I was surprised when my son’s DNA ancestry test came back 1% north African. We thought our roots were northern European. We may be wrong.
The out-of-Africa theory of modern human origins has been around for many decades. It’s the idea that Homo sapiensoriginated somewhere in Sub-Saharan Africa. The theory is commonly held by population geneticists who tell us that our ancestors (that means all of us) made one or more migrations out of the African continent thousands of years ago. Scientists think those early modern humans traveled east through the Middle East and Asia, as well as north into Europe. Eventually, they populated the entire globe. For possible migration routes, go to https://genographic.nationalgeographic.com/human-journey/
Why do scientists believe this? It comes back to our genes, specifically the genes of people living and dead from all over the world. The greater the diversity in the genes or alleles of a population, the longer it’s likely they have been in that geographic location. If you read Is Race Real? Part 1, you may recall that alleles are the two versions of the same gene, one inherited from each parent, such as eye color. Link to Is Race Real Part 1
But, so what if a group of people have been in the same sizable geographic region for a long time? It’s significant because the larger the population due to people mating over the generations, the more genetic diversity will accumulate or grow. So those populations with the greatest diversity in their genes have been around the longest. This is what scientists have discovered about Sub-Saharan African populations – their genes say they are old. Older than Europeans, Asians, Australians or people on any other continent. In fact, scientists think that modern humans have spent the majority of their time on earth in Africa.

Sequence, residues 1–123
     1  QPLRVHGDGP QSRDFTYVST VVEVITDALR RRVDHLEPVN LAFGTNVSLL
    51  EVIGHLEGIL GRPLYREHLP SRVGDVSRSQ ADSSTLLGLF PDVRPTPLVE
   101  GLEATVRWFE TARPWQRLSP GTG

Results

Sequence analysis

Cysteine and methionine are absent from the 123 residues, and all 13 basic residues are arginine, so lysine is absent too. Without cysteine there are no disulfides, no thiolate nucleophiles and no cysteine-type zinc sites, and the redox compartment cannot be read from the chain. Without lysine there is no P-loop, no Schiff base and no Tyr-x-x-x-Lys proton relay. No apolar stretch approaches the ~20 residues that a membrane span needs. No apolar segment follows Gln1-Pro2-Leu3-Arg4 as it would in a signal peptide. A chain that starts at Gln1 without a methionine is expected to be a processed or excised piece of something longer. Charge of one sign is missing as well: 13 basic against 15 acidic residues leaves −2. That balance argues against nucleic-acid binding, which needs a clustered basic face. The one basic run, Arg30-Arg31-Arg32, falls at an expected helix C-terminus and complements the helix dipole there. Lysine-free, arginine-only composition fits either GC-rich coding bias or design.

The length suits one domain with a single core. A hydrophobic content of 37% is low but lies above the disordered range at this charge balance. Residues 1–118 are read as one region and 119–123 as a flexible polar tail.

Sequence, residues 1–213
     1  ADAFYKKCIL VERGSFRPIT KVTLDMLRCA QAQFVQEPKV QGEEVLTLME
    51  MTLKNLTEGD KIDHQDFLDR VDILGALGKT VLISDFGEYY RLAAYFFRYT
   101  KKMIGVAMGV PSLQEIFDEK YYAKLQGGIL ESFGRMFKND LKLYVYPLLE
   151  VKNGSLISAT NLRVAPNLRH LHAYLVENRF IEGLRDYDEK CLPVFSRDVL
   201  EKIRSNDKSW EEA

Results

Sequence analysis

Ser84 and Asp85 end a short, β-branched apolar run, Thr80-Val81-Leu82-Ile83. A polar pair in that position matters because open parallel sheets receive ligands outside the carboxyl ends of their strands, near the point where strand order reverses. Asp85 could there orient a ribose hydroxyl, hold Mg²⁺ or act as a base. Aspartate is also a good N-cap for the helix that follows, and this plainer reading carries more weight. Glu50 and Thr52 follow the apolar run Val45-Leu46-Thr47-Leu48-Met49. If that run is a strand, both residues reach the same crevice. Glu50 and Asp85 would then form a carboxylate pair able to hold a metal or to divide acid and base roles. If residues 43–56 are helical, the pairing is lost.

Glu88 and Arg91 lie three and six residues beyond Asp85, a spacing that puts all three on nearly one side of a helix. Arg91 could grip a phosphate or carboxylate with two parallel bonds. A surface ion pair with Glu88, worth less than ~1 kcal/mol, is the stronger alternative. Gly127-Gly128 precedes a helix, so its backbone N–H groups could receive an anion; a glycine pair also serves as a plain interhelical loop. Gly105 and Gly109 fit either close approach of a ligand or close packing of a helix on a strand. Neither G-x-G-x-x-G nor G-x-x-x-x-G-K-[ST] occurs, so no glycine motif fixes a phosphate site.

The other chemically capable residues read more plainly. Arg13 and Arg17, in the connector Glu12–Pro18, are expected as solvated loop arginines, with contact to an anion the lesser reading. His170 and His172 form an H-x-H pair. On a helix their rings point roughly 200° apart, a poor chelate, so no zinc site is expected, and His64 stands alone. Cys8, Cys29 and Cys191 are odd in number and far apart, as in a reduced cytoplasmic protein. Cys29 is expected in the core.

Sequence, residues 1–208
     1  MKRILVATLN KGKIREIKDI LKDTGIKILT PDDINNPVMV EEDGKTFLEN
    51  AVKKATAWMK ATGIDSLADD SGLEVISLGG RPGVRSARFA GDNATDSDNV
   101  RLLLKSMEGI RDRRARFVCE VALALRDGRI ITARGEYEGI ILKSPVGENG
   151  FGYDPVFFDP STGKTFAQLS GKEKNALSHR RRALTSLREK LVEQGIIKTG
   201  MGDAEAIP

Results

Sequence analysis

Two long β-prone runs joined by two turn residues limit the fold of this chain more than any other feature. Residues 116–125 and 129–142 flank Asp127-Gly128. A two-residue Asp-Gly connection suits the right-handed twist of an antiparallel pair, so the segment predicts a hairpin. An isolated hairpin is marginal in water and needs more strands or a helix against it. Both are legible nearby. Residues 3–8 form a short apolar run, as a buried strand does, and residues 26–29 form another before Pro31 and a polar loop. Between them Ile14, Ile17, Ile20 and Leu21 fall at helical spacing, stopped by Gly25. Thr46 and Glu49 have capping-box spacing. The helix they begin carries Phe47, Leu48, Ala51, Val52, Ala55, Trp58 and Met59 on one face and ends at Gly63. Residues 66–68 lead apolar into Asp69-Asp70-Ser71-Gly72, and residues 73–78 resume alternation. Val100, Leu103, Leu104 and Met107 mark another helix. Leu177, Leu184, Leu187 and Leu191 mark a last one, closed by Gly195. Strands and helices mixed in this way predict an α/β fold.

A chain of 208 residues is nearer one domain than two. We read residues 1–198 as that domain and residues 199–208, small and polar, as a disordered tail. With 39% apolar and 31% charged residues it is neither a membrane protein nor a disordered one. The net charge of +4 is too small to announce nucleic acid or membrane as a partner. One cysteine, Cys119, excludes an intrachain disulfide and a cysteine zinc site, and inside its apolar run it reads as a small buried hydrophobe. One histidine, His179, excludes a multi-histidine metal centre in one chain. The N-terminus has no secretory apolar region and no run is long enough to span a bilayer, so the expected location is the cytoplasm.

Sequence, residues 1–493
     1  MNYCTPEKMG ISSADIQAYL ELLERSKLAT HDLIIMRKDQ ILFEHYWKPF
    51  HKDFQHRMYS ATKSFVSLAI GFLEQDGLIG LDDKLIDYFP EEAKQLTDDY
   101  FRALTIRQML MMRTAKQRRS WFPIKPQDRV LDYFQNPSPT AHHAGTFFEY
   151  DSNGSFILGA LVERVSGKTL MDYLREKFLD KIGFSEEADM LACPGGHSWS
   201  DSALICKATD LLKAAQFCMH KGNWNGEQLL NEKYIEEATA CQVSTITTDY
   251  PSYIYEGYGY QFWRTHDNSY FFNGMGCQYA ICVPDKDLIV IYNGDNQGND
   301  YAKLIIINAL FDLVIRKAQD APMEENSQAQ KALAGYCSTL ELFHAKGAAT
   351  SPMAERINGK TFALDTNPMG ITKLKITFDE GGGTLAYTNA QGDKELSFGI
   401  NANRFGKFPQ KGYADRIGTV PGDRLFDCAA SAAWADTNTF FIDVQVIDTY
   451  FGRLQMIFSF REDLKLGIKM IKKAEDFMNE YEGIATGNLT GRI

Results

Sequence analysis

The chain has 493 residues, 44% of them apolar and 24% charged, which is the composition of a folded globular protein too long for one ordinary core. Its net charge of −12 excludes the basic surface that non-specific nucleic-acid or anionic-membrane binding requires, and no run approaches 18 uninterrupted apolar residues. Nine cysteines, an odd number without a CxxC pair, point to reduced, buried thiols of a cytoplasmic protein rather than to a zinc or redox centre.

This has strong implications for the race question. Scientists Lynn B. Jorde and Stephen P. Wooding stated, “Of special importance to discussions of race, our species has a recent, common origin.”
For more info, go to.
A recent common origin means we all have the same beginnings. We are not as separate as we thought, but connected by ancient ancestors. Differences in appearance and size make sense considering our ancestors migrated out of Africa and went to a variety of places, putting down roots and forming populations with their own culture over many generations.
But even as Homo sapiens branched out into the world, we did not become isolated. From the American Association of Physical Anthropologists position statement: “Humanity cannot be classified into discrete geographic categories with absolute boundaries.” See
In other words, even if your ancestors came from one country or geographic region, mating with other populations took place at some point in the past, creating genetic diversity over the generations. There are no genetic islands, so to speak. But there is “humanity” as the physical anthropologists pointed out, one big human family related to each other by common origins.
When you look at people who are different from you, do you think white, black, brown, or perhaps short or tall, or maybe dark, blonde or red hair?
Or do you think fellow human being, a distant genetic family member?
If we are all distantly related, should that affect how you view people, especially those who don’t look like you or hold similar opinions?
More on that point in Is Race Real? Part 3.